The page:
Eid ul Fitr – A day of joy and thanksgiving | Sunday Observer

Eid ul Fitr – A day of joy and thanksgiving

Special congregational prayers known as Salathul-Eid
Special congregational prayers known as Salathul-Eid

Eid Mubarak!


Family members enjoy special Eid breakfast

Muslims in Sri Lanka and the world over will celebrate ‘Eid-ul-Fitr’ (Ramadan Festival) this week. The festival begins with the sighting of the new moon for the month of Shawal, which marks the end of Ramadan. Eid means recurring happiness or festivity, and ul Fitr means breaking of the fast. Eid ul Fitr is an important religious festival celebrated by Muslims world over. Eid ul Fitr celebrates the conclusion of the month of dawn to dusk fasting observed during Ramadan.

The date of commencement of the lunar Hijri month varies, based on the sighting of the new moon by local religious authorities. Therefore, the exact day of celebration varies according to the locality, while some countries celebrate Eid on the same day as Saudi Arabia.

Muslims start the end of Ramadan celebrations with the special congregational prayers known as Salathul-Eid. It consists of two Rakats (units) and is generally offered in an open space or in large halls in mosques. Every year it is a beautiful sight to see Muslims praying together shoulder to shoulder at Galle Face Green, in Colombo. According to Islamic teachings, Muslims are commanded by Allah to continue their fast until the last day of Ramadan and pay the Zakath and Fitra (Charity) before offering Eid prayers.

Eid ul Fitr is a day of joy and thanksgiving. On this day, Muslims display their joy for the health, strength and opportunities of life, which Allah has given them, to fulfil their obligations of fasting and other good deeds during the month of Ramadan. It is also a day of forgiveness and good feelings towards other fellow human beings. This festival originated after the advent of Islam during the period of Prophet Muhammad. The Islamic festivals were initiated in Madinah after the migration of Prophet Muhammad from Makkah to Madinah according to certain traditions.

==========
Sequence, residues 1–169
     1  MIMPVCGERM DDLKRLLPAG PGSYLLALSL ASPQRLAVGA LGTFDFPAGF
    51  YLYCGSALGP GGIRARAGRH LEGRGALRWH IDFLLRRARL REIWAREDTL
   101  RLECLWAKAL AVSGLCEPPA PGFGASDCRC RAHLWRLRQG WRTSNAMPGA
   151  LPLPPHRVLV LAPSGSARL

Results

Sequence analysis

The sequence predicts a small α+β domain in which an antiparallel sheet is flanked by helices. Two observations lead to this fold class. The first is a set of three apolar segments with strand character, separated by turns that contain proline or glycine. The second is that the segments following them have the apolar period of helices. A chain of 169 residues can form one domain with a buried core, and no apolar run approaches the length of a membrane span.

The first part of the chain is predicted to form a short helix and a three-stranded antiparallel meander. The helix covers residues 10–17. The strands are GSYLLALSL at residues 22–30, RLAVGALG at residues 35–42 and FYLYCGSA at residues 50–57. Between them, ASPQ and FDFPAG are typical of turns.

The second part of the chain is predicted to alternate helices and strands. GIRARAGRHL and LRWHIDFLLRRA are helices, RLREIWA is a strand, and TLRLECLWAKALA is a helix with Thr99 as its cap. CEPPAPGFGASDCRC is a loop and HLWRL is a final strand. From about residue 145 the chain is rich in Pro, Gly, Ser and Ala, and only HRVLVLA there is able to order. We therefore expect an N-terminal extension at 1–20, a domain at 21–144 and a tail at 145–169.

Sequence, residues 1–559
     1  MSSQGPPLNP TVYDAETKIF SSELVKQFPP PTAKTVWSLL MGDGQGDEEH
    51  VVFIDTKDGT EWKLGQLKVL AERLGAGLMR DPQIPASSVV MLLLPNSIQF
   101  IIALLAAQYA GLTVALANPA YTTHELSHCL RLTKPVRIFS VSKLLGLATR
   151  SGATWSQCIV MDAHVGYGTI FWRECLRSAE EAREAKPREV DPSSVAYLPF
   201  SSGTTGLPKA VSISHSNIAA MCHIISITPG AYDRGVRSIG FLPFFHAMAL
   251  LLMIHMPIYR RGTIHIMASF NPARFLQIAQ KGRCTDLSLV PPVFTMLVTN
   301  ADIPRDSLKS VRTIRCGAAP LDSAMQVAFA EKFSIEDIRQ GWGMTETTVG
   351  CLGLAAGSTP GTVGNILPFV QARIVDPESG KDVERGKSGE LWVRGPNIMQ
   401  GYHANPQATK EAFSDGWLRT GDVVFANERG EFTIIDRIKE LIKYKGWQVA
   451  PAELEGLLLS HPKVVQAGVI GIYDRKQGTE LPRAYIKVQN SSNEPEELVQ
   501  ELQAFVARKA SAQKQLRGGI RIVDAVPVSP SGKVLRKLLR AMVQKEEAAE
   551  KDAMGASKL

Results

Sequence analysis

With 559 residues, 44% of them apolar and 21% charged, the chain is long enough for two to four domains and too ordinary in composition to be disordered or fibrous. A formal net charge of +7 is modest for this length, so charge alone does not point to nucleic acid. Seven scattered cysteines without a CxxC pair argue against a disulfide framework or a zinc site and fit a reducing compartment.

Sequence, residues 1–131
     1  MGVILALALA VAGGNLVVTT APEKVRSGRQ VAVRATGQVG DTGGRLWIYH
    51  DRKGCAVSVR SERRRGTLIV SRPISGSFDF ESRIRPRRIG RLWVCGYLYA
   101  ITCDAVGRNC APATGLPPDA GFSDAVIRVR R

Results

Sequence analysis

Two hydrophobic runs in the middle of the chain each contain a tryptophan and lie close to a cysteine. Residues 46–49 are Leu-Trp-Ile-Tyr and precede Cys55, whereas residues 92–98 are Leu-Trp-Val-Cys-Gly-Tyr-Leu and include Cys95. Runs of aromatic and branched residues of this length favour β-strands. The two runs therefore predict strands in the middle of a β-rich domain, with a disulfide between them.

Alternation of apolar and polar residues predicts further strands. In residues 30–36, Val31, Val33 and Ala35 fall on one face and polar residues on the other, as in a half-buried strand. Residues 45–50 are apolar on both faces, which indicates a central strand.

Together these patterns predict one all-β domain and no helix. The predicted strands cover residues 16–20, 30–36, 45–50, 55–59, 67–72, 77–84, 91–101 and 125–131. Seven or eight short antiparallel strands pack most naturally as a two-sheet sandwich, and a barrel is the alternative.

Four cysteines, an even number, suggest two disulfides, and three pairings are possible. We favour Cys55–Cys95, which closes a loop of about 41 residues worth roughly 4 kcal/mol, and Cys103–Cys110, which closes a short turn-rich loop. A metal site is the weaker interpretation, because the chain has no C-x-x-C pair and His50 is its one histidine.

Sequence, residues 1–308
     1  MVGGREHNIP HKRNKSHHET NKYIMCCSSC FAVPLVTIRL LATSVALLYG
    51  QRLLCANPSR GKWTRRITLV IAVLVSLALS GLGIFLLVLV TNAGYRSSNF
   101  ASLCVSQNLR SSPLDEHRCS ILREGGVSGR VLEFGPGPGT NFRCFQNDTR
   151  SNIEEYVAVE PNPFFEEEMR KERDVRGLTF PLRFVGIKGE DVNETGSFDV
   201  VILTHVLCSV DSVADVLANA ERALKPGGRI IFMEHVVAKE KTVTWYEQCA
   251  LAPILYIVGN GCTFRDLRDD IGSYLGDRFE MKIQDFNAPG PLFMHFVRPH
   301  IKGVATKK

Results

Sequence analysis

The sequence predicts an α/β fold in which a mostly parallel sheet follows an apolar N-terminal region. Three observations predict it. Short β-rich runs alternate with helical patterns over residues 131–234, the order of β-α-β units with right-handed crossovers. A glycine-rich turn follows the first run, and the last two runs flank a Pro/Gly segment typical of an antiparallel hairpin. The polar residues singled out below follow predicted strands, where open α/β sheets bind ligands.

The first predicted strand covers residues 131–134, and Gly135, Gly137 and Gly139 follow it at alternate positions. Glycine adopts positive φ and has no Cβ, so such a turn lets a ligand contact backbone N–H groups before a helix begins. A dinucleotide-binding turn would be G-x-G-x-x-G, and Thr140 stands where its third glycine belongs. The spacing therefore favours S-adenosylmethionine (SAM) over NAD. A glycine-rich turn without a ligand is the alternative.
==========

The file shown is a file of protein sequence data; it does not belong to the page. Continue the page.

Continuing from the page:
Some Islamic historical records say that when the Prophet arrived in Madinah, he found the people celebrating two specific days on which they would entertain themselves with recreation and merriment. He asked them about the nature of these festivities at which they replied that these days were occasions of fun and recreation. At this, the Prophet remarked that Almighty Allah has fixed two days of festivity instead of these, which are better. They are Eid ul-Fitr (Ramadan festival) and Eid ul Adha (Hajj festival).

Eid ul Fitr is celebrated for two or three days and the common greeting during this festival is Eid Mubarak or ‘Happy Eid.’ Muslims are encouraged on this day to forgive and forget any differences with others or any animosities that may have occurred during the year.

Muslims wake up early in the morning before sunrise and offer Salathul Fajr (Pre-sunrise prayer). According to custom they shower, don new clothes and apply perfume before leaving for prayers. It is forbidden to fast on the day of Eid. It is customary to have breakfast with a sweet such as a date before attending Eid prayers. Both men and women go to the mosque at different times and perform their prayers separately, in different halls. It is a ritual to go for Eid prayers on foot. Soon after the prayers, the Imam (who conducts the prayers) gives a sermon on a topical subject. After the prayers, Muslims visit their relatives, friends and acquaintances or hold large communal celebrations in homes, community centres or halls. Eid gifts, known as Eidi (cash gifts), are given to children and close relatives.

They meet and greet each other with a traditional hug of friendship. Before returning home, they give charity to the needy and the poor, to further make it possible for everybody to enjoy the day. At home, family members enjoy special Eid breakfast with various types of sweets and desserts. For the first noon meal in a month, Muslims in Sri Lanka usually have biryani, a mixed rice dish with meats and vegetables and a dessert of Watalappam, a coconut custard pudding made with eggs and jaggery. Young girls and children enjoy applying mehendi, a form of skin decoration on their hands and feet during Eid.

Fasting expresses many of the basic values of the Muslim community. It is a month when Muslims show their empathy for the poor, give charity, worship, practise steadfastness and patience. The month of Ramadan also teaches a Muslim to stay away from worldly desires and to focus entirely on the Lord and thank Him for his blessings. It is a rejuvenation of the religion and creates a stronger bond between the Muslim and his Lord.

 

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